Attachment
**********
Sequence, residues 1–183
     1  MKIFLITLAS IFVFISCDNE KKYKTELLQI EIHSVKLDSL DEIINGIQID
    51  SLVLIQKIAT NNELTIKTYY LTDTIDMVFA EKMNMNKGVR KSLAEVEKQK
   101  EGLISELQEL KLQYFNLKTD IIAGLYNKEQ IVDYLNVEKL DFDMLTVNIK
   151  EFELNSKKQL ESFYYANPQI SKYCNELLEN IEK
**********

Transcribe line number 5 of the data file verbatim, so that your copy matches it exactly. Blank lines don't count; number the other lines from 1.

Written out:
   151  EFELNSKKQL ESFYYANPQI SKYCNELLEN IEK